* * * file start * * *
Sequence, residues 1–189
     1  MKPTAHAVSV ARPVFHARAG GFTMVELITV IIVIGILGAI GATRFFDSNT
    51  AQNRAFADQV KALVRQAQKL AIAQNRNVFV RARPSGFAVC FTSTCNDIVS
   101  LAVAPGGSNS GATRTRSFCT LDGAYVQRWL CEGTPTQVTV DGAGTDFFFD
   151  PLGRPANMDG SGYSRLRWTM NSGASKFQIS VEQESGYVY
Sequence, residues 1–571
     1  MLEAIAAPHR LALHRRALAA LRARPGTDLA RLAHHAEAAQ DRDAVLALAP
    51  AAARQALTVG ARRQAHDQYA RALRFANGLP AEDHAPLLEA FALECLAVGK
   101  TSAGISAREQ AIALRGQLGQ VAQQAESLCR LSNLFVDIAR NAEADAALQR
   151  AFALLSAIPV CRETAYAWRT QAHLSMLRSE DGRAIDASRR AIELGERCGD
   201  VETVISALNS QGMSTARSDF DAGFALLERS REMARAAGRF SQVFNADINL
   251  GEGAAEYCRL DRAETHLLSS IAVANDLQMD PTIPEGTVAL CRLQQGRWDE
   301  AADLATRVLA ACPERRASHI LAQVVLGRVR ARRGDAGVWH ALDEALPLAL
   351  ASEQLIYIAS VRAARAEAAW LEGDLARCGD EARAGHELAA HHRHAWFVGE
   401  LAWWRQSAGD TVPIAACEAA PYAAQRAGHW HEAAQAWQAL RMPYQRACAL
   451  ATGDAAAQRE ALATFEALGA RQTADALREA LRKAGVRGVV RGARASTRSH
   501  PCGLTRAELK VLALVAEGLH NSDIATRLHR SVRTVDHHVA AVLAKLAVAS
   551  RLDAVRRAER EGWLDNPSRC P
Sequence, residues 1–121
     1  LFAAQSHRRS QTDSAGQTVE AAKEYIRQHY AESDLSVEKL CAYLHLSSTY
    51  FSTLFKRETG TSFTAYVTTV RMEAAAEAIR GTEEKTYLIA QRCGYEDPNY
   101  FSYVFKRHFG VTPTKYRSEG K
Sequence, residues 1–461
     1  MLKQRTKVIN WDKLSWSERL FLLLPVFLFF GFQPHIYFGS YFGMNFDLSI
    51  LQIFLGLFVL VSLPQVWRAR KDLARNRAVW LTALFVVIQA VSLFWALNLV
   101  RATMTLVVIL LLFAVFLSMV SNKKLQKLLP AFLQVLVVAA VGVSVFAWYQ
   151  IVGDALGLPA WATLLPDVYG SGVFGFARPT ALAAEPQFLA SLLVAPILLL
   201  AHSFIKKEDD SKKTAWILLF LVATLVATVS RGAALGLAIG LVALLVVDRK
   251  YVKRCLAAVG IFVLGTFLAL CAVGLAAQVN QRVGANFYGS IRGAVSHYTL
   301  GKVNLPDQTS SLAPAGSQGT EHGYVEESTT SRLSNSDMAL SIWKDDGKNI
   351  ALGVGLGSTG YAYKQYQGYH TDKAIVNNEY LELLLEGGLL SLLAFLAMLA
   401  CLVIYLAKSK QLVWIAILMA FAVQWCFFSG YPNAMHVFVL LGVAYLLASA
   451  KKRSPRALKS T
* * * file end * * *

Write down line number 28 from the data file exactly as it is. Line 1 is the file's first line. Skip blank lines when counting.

   201  AHSFIKKEDD SKKTAWILLF LVATLVATVS RGAALGLAIG LVALLVVDRK